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DuPont races back to offer more NASCAR hospitality

DuPont’s once-robust NASCAR hospitality program suffered enormous cuts last year, but the longtime Jeff Gordon sponsor is back in 2010 with more guests and events at each track.

Just a few years ago, DuPont had the largest hospitality program in NASCAR, hosting 20,000 people a year at every race on the Sprint Cup circuit. Their guests ranged from body shop owners who used DuPont paint to building contractors who bought the Tyvek brand of house wrap. The company would bring as many as 1,000 people to a race, and virtually the entire focus of the sponsorship was based on creating business-to-business activity.

DuPont entertained customers with meals, question-and-answer sessions with Gordon and bags of swag, all the while making new relationships or deepening existing ones.

But DuPont hospitality was largely a casualty of the recession in 2009. Instead of entertaining at all 36 Cup events as it had done in the past, DuPont cut back to six races and just 2,000 guests, 10 percent of what it used to do. DuPont wasn’t the only corporate entity slashing its spend. Tracks reported that revenue from hospitality was down 20 to 25 percent last year.

DuPont, No. 75 on the Fortune 500 list with more than $30 billion in annual revenue, said the cuts last year were reflective of cost-cutting measures companywide.

The Jeff Gordon sponsor realized the importance
of hospitality to its sales.

What DuPont discovered, though, was how important the hospitality program was to its sales. So in 2010, it’s back with hospitality events at 23 races and it’ll entertain about 4,000 to 5,000 guests.

“It’s really a reflection of the value we place on our clients and customers,” said Larry Deas, DuPont’s motorsports manager. “It’s something that we absolutely missed last year. … But the cutbacks in 2009 weren’t necessarily supposed to be the new reality, it was just something we had to do for our current situation.”

DuPont’s revival in 2010 comes at a pivotal time in its sponsorship, having renewed its league deal as the official auto finish, a distinction it has had since 2003.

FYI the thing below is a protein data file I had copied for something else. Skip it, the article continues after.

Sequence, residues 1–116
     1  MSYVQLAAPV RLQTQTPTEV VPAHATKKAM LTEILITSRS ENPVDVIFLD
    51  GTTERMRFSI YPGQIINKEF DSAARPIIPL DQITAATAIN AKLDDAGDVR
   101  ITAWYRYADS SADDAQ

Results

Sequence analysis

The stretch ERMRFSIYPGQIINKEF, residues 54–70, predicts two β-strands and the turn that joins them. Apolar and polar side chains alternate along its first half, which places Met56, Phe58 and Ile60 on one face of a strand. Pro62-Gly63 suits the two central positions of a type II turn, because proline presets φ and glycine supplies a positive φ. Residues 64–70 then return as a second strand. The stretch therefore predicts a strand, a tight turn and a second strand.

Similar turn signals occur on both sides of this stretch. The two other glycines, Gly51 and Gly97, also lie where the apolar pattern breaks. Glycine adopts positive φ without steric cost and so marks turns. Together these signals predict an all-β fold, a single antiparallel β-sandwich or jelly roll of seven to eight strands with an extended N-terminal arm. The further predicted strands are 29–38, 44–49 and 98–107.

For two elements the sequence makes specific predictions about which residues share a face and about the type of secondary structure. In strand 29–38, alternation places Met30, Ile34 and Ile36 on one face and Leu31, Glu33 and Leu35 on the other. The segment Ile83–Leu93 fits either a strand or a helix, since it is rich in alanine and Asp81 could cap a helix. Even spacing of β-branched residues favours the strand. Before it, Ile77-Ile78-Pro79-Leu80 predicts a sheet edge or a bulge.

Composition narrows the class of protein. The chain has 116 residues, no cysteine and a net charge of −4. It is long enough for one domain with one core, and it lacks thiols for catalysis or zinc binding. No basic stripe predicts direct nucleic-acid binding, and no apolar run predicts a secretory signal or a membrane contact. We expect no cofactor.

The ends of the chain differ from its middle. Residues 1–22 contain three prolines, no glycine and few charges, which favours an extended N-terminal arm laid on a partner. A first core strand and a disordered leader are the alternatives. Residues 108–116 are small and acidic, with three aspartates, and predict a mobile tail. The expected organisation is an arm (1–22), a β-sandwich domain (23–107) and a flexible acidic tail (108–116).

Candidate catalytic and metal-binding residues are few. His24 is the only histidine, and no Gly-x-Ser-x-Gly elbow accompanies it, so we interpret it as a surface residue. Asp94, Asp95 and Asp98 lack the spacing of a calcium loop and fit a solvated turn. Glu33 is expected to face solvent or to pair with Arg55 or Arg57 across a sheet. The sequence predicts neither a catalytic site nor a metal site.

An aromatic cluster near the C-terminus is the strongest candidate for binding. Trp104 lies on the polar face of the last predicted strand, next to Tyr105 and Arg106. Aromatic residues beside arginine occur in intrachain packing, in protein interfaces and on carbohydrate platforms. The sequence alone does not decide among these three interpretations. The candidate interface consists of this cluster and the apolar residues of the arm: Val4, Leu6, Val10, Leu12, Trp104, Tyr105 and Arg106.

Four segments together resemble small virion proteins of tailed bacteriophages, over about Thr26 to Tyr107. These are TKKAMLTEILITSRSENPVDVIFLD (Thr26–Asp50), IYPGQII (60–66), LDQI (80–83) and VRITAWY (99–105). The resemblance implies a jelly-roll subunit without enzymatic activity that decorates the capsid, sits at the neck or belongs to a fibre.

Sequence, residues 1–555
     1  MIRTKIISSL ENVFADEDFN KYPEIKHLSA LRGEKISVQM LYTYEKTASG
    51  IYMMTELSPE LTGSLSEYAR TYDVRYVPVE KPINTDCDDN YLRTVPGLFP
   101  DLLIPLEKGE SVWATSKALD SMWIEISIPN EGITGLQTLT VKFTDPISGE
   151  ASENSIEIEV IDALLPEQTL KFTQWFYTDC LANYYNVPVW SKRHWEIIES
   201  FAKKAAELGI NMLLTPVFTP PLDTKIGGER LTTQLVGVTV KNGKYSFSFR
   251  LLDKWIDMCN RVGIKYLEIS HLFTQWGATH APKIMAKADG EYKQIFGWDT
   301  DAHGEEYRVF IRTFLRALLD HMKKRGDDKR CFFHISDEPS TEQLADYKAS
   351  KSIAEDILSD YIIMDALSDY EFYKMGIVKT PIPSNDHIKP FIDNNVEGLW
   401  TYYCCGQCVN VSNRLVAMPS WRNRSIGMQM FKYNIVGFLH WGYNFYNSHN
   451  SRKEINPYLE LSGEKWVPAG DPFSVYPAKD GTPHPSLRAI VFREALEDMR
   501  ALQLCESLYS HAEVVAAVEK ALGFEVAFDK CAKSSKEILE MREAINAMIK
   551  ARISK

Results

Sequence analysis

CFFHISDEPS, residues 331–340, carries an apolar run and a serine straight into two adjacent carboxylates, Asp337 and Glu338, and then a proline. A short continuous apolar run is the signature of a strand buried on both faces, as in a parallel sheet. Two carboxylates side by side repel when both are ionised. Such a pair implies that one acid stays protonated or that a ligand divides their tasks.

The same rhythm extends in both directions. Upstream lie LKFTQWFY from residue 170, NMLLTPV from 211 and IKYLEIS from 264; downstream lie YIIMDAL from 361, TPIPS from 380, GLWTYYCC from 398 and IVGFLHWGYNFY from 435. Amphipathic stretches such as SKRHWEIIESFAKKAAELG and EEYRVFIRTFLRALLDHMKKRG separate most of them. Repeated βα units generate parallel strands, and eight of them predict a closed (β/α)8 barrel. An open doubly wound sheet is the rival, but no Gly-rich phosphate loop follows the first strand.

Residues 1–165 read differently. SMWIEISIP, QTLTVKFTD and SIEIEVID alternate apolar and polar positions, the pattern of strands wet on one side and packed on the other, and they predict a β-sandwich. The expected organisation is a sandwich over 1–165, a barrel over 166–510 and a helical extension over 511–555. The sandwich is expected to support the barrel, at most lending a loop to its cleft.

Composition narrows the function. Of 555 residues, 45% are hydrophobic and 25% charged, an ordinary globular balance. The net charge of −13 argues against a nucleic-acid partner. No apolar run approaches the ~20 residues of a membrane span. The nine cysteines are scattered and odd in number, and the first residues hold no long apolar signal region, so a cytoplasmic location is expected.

The team deal with Gordon and No. 24 car owner Hendrick Motorsports expires at the end of this year and renewal discussions are ongoing, although it’s uncertain if DuPont will maintain its current commitment level as the primary sponsor for 75 percent of Gordon’s Sprint Cup races. National Guard and Pepsi are the other sponsors on Gordon’s car.

DuPont owns the longest-running driver-sponsor-owner relationship in NASCAR, having sponsored Gordon since he first started driving the No. 24 in 1992. The hospitality piece has been a staple of the program since it began.

“We look at DuPont as a great indicator of what’s happening on the corporate side,” said Jerry Caldwell, vice president of sales and marketing at Bristol Motor Speedway. DuPont did not buy hospitality at Bristol’s race earlier this month, but will be entertaining at Bristol for the August race.

“When DuPont pulled back, we all saw that as a sign of things to come in 2009,” Caldwell said. “Even though they’re not back to where they were, they’re coming back and that’s the important thing. They know the value and they know it’s important to their business. It is an indicator that the economy is slowly turning around.”

Even though hospitality took a 20 percent to 25 percent hit at most tracks in 2009, Deas said he has not found a significant reduction in rates. It can often cost as much as $5,000 to $10,000 to rent a tent, which is just the start of hospitality costs. Bristol’s Caldwell said that tracks are focusing on different ways to add value rather than slashing prices to lure sponsors back.

Deas said he didn’t find the tracks any more flexible with pricing this year than in previous years.

“The initial proposals from the tracks were consistent with the past,” he said. “We work with a lot of tracks and certain folks are more understanding of our situation than others, but there wasn’t a lot of difference.”

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